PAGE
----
c o n v e r g e n c e:
an online journal of poetry & art


by Michael H. Brownstein

We knew the old black walnut was ready to walk away from its earth.
Early on in the first spring of its death, it let its leaves color themselves brown and red.
Three years later we unplugged all life support and let what had to happen happen.
We waited. In the winter of its last breath, we gave it a name.
Spring came and with spring storms of wind, ice and snow.
Summer arrived with thunder and rain, wind, more rain. One fall day
We walked outside, lightning in the distance, a sudden bowling of thunder,
Then: a sharp slap to the air, the ground vibrated, and we watched it lift itself up,
Throw dirt and roots to the side of our hill, hollow out a cave of bark and wood,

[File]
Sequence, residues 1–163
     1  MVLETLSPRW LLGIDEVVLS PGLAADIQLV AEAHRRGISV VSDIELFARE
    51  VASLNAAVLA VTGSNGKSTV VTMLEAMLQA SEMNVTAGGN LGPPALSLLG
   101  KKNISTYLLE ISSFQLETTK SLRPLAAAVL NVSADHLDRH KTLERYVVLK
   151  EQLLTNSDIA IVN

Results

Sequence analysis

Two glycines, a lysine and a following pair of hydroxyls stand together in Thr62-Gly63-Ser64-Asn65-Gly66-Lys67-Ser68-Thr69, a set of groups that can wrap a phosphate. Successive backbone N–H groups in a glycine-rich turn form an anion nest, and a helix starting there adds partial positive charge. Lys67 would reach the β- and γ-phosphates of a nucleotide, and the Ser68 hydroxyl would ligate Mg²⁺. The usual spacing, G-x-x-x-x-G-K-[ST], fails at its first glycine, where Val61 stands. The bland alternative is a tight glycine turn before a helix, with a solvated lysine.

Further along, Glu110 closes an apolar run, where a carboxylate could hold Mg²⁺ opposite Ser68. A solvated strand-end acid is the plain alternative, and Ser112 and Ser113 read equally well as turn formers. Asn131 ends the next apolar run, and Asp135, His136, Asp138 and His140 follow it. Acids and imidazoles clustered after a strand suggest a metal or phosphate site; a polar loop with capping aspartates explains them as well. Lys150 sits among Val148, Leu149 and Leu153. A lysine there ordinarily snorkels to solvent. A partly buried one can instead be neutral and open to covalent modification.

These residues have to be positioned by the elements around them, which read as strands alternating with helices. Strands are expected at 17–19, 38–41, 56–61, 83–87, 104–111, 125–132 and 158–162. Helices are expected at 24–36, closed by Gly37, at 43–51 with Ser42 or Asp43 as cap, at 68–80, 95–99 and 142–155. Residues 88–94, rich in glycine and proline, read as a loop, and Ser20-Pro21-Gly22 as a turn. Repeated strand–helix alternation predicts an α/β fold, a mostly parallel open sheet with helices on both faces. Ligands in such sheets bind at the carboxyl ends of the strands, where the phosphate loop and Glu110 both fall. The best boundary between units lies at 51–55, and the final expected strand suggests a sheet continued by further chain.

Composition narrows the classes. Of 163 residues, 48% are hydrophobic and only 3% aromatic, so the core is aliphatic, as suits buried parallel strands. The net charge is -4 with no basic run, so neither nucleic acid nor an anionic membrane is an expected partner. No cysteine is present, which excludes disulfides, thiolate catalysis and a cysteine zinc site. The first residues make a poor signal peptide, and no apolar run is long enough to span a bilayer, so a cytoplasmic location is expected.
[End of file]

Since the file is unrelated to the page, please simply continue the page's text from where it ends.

Slam itself two steps further catching itself on a tulip tree too light to carry it.
After a day of storm and a strength of erosion, it allowed itself a third step,
Tumbled to its side collapsing into splinters and large fractured limbs.
Then there was a silent silence. The storm ceased. The sky blued.
The tulip tree let the weight off its shoulders, eased upright the best it could do
And we named it after the great walnut, memorializing that tree forever with another.
We did not let anyone harm the woodpeckers that came for insects
Or the possums that came for warmth. We let them live and inside of the tree
We imagined beetles and newts, salamanders and mudpuppies, mud and green water.

ROOT AND BRANCH by Ruben Briseno Reveles border=

ROOT AND BRANCH by Ruben Briseno Reveles

by Diane Webster

In the fog
tree trunks pretend
they're elephant legs
and limbs round out
into bodies milling
together until
fog lifts.

by Diane Webster

Pine trees clothed
inside stocking caps
of snowfall.

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